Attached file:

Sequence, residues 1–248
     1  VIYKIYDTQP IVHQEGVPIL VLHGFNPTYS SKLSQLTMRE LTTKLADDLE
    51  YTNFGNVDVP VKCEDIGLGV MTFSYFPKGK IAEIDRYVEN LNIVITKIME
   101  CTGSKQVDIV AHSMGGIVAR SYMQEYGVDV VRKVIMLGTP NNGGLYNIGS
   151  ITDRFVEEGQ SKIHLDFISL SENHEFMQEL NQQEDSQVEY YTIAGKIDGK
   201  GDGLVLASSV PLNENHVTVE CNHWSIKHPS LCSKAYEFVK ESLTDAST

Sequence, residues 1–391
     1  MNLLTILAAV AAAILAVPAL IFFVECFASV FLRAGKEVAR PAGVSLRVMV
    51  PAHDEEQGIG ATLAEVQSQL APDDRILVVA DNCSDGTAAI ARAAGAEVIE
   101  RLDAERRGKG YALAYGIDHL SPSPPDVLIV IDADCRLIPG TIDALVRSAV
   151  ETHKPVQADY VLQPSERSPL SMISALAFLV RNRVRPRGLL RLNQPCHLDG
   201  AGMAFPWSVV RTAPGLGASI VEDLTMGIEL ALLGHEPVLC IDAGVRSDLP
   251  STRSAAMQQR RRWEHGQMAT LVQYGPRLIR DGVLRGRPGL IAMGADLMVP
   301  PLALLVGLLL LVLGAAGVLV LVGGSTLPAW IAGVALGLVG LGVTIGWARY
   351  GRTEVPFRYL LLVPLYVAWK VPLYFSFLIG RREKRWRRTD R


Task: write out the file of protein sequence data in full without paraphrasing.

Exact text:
Sequence, residues 1–248
     1  VIYKIYDTQP IVHQEGVPIL VLHGFNPTYS SKLSQLTMRE LTTKLADDLE
    51  YTNFGNVDVP VKCEDIGLGV MTFSYFPKGK IAEIDRYVEN LNIVITKIME
   101  CTGSKQVDIV AHSMGGIVAR SYMQEYGVDV VRKVIMLGTP NNGGLYNIGS
   151  ITDRFVEEGQ SKIHLDFISL SENHEFMQEL NQQEDSQVEY YTIAGKIDGK
   201  GDGLVLASSV PLNENHVTVE CNHWSIKHPS LCSKAYEFVK ESLTDAST

Sequence, residues 1–391
     1  MNLLTILAAV AAAILAVPAL IFFVECFASV FLRAGKEVAR PAGVSLRVMV
    51  PAHDEEQGIG ATLAEVQSQL APDDRILVVA DNCSDGTAAI ARAAGAEVIE
   101  RLDAERRGKG YALAYGIDHL SPSPPDVLIV IDADCRLIPG TIDALVRSAV
   151  ETHKPVQADY VLQPSERSPL SMISALAFLV RNRVRPRGLL RLNQPCHLDG
   201  AGMAFPWSVV RTAPGLGASI VEDLTMGIEL ALLGHEPVLC IDAGVRSDLP
   251  STRSAAMQQR RRWEHGQMAT LVQYGPRLIR DGVLRGRPGL IAMGADLMVP
   301  PLALLVGLLL LVLGAAGVLV LVGGSTLPAW IAGVALGLVG LGVTIGWARY
   351  GRTEVPFRYL LLVPLYVAWK VPLYFSFLIG RREKRWRRTD R